One preferred method for synthesizing titanium acylate polymers is the method of reacting a tetraalcoxytitanium Ti(OR)4 with a carboxylic acid, particularly with a higher fatty acid. In this method, by-products such as chlorides, inorganic acids or the like are not produced. In addition, the side chain of the titanium acylate polymer is acylated by the use of the higher fatty acid to make the titanium acylate polymer film more hydrophobic, and the reaction products thus obtained can be used as an agent in the production of the copper powder of this invention.

Separation and purification of the synthesized titanium acylate polymer can be carried out with techniques such as distillation, extraction, recrystallization, column chromatography and the like.

Higher Carboxylic Acid Ester

The higher carboxylic acid esters in this invention have ong chain carbon atoms, and the preferred ones include higher fatty acid esters having 10 to 24 carbon atoms. Specific examples of such carboxylic acid esters are esters of higher saturated fatty acids such as stearic acid esters, palmitic acid esters, myristic acid esters, lauric acid esters, and capric acid esters, and isomers thereof and esters of higher unsaturated fatty acids such as oleic acid esters, linolic acid esters, and linoleic acid esters, and isomers thereof. If a lower carboxylic acid ester is used, the hydrophobicity of the carboxylic acid film formed on the surface of the copper powder will be impaired and a preferred dispersion state of copper powder cannot be achieved during the formation of a paint or film in combination with binder resins.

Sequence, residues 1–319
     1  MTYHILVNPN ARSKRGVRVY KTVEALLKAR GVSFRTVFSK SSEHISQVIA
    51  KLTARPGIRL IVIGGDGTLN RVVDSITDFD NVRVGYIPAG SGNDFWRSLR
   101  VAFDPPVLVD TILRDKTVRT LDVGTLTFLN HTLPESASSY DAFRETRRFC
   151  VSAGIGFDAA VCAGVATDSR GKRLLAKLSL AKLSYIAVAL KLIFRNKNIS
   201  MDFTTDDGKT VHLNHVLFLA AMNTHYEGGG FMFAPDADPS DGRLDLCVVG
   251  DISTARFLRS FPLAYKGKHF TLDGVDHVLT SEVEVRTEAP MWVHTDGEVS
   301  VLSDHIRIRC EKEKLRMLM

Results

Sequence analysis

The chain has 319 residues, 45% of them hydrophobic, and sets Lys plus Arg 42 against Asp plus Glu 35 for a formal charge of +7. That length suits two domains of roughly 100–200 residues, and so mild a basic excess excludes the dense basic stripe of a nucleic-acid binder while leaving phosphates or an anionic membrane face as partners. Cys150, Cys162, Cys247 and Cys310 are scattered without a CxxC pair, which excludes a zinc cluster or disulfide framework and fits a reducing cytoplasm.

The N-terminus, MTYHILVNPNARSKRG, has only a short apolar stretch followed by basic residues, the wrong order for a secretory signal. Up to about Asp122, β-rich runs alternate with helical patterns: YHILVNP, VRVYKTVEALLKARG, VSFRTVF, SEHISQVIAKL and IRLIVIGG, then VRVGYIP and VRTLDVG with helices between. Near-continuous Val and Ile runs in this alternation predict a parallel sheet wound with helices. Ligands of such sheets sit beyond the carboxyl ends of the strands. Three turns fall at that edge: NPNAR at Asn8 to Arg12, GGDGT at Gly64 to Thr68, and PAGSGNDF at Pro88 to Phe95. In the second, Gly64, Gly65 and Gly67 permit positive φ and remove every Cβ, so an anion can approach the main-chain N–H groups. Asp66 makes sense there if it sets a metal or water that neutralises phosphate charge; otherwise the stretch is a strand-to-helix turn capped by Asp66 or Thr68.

The part of the ester corresponding to an alcohol comprises an alkoxy group having 1 to 10 carbon atoms, preferably 1 to 5 carbon atoms.

Separation and purification of the synthesized carboxylic acid ester can be carried out with techniques such as distillation, extraction, recrystallization, and column chromatography.

Process for Producing a Copper Powder for Conductive Paint